Scholars of Chinese politics, thought, history, commerce and various other fields often lament the over specialisation required of academic life today. It is a specialisation that cauterises the Chinese world (a world that places great faith in its autochthonous understandings of and approaches to the full range of human activities). Industrialised and corporatised education leaves many students of China well versed in the professions but stymied in understanding with ease and fluency online discussions, newspaper headlines and coded commentaries, as well as a myriad of traditional concepts redeployed today by thinkers, politicians, economists and strategist, as much as they are frustrated when watching kung-fu movies (which require a passing familiarity with literary Chinese, something most Chinese viewers pick up from an early age), or understanding the latest political gossip. All of these things require a grounding in skills that are too readily, and carelessly dismissed as ‘Sinology’.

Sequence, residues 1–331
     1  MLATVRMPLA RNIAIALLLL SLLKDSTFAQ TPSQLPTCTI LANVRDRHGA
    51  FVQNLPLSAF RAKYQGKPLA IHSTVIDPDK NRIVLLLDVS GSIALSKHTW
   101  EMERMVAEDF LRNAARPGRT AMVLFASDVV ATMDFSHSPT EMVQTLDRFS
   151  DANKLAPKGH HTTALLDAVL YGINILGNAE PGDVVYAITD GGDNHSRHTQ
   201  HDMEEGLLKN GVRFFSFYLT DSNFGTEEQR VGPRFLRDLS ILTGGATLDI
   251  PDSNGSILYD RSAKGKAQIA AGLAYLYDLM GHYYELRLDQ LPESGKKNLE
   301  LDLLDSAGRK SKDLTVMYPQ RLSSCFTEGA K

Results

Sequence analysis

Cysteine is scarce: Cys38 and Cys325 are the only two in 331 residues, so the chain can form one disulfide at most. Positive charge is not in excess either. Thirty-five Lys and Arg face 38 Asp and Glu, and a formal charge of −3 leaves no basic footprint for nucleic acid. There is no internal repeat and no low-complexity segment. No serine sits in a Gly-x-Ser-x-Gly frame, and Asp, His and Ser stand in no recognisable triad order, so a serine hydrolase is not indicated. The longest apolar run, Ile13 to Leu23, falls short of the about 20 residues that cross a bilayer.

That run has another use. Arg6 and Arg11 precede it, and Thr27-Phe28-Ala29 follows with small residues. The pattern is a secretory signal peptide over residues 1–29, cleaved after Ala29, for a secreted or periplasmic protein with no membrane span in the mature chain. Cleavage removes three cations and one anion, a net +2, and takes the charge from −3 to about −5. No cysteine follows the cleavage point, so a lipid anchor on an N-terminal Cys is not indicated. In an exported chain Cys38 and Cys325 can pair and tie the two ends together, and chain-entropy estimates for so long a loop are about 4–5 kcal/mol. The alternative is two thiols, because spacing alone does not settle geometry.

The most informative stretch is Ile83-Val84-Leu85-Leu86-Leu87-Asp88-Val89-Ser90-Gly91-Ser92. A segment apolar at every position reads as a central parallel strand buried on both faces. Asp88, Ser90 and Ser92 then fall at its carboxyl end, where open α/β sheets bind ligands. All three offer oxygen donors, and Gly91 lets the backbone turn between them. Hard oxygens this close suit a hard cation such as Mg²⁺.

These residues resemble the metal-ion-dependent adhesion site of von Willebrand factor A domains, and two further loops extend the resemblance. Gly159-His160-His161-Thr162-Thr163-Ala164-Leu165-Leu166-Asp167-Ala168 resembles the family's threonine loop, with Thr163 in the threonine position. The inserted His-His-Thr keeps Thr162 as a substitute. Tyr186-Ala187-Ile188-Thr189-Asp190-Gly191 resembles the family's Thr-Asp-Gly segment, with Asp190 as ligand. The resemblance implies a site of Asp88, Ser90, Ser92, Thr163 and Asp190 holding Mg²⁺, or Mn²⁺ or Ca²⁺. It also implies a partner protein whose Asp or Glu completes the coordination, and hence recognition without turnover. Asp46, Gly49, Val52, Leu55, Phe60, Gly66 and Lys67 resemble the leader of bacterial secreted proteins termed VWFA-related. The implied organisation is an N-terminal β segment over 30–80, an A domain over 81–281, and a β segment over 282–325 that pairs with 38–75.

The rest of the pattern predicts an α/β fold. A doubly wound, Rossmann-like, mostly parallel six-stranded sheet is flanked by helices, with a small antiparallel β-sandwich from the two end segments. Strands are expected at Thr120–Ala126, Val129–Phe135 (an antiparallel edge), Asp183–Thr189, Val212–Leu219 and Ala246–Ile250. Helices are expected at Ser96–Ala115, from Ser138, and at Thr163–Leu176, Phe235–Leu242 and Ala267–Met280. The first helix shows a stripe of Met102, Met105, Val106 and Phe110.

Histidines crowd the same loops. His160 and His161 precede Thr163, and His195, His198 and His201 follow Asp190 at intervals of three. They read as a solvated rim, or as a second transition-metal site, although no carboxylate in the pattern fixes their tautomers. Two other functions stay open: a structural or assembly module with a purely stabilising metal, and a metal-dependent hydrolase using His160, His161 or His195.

In the People’s Republic the value of what is called ‘New Sinology’ or 新汉学 in official parlance, is evident. In mid 2012, Hanban 汉办 in Beijing, the headquarters of the global Confucius Institute network announced plans for the training of new generations of local and international Sinologists. The draft formulation of the ‘New Sinology Plan’ 新汉学计划 mooted the provision of bursaries for overseas doctoral scholars (博士生奖学金项目旨在通过来华学习、中外合作 培养等方式,资助具有中国研究学 术基础的各国优秀青年来华深造, 培养青年汉学家和中国学研究方 面的高端人才,推动对传统和当代 中国的跨学科研究.) These plans were further explored in a dedicated panel on ‘ “New Sinology’: Trends and Prospects’ (‘新汉学’的趋势与展望) and the ‘Forum for Young Sinologists and the Promotion of the “China Study Plan” ‘ (青年汉学家论坛暨’新汉学国际研修计划’推介会) at the Third ‘Sinology and the World Today‘ conference, Beijing, 3-5 November 2012. (It might be observed that, although one speaker, Chen Jue 陈珏, noted in their paper abstract that the former Australian Prime Minister Kevin Rudd’s use of the expression New Sinology in 2010, their was less cognisance of the origin of the term in the 2005 creation of China Heritage Quarterly in 2005 or that it underpinned the Australian Centre on China in the World. Meanwhile, Ge Jianxiong 葛剑雄 of Fudan University expressed concern about the unfolding non-language teaching role of Confucius Institutes and the political dimensions of their brief [for details, see below].)